Saturday, May 1, 2010

Circulation Workers, Beware!

Americans like to think we are a very independent people. As such, we often like to do things for ourselves rather than rely on a middle man. But does the expediency of self-serve programs really make our lives better? When did the self-serve wave begin? The elevator assistant has long been banished. Except for a few gas stations on the west coast, everyone pumps their own gas. We pay at the pump. We wash our own cars. Fifty percent of the time, I scan and bag my own groceries. If I want a cashier I have to wait in a longer and slower line. I can get lunch out of a vending machine. I get money out of an ATM. I do all my banking on-line. I can easily go through an entire day without speaking to another human about any of my needs. Is this good quality service? I don’t know. I like having options - the option to get in the cashier line, the option of speaking to a bank teller. I like knowing who to speak to if I have questions or problems. So, why am I talking about this?

In the spring edition of American Libraries by the American Library Association, an article entitled "A Circulation Renovation Cuts Expsenses" praises a public library for implementing technology that replaces the need for circulation workers thereby cutting costs significantly. This machine checks books out, in and sorts the returned materials into appropriate bins. Kudos to the engineer of this thing. I understand the economy has caused many libraries to cut budgets, cut jobs and look for ways to serve their communities without cutting programs. But honestly, as a circulation worker myself, this article scares me. I have worked at my college’s circ. department and plan to work there this summer. I’m the first person most people go to for any and all questions – not the librarians’ reference desk. As a student, I am often able to answer patron questions that the librarians don’t know how to answer. Not that I’m dissing the librarians. They know more in general than I do. I guess I don’t feel appreciated knowing a machine can replace me. It makes me uneasy every time technology puts more people out of a job. And I feel like my options are being limited.

What do you all think? Am I being paranoid? What are the up-sides to self-serve check out?


  1. It's unfortunate, but I don't think you are being paranoid at all. Technology is replacing jobs in numerous industries. I've not used the self serve check out in the library as its usually not very busy when I'm in there. I have used them in the grocery store and can appreciate them as I usually have just a handful of items. It is more efficient to do it myself than to wait behind someone with a large order.

  2. I've heard rumblings that our local library is heading this way as well. As you say, I like having the option of working with a real person.

    I wonder if one potential positive (aside from libraries being able to cut costs) is that patrons would feel more at ease when checking out certain books? And I don't necessarily mean (only) "adult" books -- maybe someone needing to practice 7th grade math in order to get a GED, or something like that?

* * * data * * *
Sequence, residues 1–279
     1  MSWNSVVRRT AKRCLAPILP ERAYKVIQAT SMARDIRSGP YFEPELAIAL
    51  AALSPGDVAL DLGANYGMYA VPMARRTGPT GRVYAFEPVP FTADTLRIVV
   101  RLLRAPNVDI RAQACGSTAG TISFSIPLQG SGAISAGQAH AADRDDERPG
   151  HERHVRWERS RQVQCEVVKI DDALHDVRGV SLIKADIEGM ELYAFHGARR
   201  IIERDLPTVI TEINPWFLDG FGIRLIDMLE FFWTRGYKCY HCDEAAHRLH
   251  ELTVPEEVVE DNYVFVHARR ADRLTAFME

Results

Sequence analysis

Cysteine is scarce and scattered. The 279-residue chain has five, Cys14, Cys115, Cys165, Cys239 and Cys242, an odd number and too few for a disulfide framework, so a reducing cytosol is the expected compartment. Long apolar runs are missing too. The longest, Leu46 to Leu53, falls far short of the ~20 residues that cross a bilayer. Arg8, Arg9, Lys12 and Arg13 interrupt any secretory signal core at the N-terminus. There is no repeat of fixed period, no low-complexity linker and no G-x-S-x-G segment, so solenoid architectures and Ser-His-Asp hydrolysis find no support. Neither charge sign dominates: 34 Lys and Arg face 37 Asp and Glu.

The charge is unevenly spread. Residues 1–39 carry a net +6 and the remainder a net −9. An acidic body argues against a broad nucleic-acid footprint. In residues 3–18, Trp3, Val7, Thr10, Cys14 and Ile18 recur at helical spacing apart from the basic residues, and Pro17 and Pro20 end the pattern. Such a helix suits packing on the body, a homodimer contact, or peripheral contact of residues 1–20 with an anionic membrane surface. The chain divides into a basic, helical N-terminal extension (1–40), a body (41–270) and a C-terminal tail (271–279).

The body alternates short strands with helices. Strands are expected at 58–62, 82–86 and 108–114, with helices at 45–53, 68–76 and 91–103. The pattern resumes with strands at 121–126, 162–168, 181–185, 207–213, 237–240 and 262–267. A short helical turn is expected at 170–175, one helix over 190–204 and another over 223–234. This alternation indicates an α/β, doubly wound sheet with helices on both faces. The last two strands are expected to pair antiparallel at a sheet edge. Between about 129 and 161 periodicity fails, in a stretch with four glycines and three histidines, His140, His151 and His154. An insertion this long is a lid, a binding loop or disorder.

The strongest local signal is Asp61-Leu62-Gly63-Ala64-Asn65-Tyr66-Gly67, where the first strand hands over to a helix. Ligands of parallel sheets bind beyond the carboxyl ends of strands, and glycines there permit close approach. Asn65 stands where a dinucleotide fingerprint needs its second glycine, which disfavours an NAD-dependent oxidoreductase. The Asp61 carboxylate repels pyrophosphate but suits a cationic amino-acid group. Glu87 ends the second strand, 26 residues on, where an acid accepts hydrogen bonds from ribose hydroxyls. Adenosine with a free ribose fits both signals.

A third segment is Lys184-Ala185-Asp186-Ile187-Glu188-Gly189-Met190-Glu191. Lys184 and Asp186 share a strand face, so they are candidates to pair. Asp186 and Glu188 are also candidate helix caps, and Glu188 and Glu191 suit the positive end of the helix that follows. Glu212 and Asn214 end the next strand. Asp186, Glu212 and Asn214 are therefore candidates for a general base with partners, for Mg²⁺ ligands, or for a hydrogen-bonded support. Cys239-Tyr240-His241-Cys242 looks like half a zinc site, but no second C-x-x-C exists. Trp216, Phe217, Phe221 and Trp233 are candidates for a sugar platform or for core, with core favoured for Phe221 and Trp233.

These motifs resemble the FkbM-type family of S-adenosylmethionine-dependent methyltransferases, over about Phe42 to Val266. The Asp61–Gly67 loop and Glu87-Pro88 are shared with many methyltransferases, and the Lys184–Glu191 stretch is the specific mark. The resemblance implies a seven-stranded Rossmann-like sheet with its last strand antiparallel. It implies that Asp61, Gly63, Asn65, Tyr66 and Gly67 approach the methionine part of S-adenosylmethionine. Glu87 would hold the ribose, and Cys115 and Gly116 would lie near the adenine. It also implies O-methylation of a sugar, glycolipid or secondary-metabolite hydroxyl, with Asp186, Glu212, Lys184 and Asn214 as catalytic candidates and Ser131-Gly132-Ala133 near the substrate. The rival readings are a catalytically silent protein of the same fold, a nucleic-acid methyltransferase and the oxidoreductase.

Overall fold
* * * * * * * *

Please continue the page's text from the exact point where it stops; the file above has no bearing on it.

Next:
I think I'm mostly with you, Chelle. But then, I'm a Luddite that way. ;)

  3. Our library already has one "self-check out". It is the new wave and it's inevitable that we will see more of it. IMO, colleges will be slower to replace circulation staff, as students depend on financial aide and so those jobs should remain for a while.

  4. I agree with Diane. The branch of the library that I just retired from had 3 self-check machines, 2 in the adult section and 1 in the children's area. They were busy a lot and we encouraged that. Our branch was the busiest in the city except for the main library and we were overwhelmed even in winter. Summer is insane. As there had been hiring freezes and such, the self-checks were needed. Many people did still have to come to the circulation desk for library cards, to pay fines, renew their account, reader advisory, check out a book that wouldn't work on the self-check. I think it will be a while before circulation staff is unnecessary in most libraries. The focus of the staff may be on other areas though.

  5. Buffy - You make a really good point about self-checks making patrons comfortable. That idea never crossed my mind!

    Kay - It sounds like self-checks were invalubale for your library. Mine is busy but never overwhelmed like that!

    I think my job is fairly secure although last year there were several cuts to fulltime and sudent positions. My circ dept was consolidated with the media and the media student workers all lost their jobs. It was a sad time. So, despite the finacial aid our jobs aren't solid.

    Thanks for all the imput!

  6. A very thought provoking post which is I think coming to pass in a lot of developed countries. In third world countries where jobs are desperately needed I doubt it happening for a long long time. Its only the ATM machine I can identify with and I do know lots of people by pass this and go to a teller at the Bank!

  7. You know, a lot of libraries have gone to the electronic check-out system. It's convenient in a lot of ways, but I don't like it. I don't use the library as often as I probably should (I can't bear to part with books I've read -- I have a very cluttered house as a result!), but this was something that disturbed me when it first began to happen -- libraries used to be a very personal place, and they are becoming less so.

    I'm really sorry to hear that it's getting worse. :(

    I have an award for you today... I hope it brings a smile to your face!

  8. Couldn't agree more with you, Chelle. I avoid the self-service checkouts on principle...cuts human jobs. I'd rather pay a few cents more for an item and see someone keep a paying job, especially in this economy.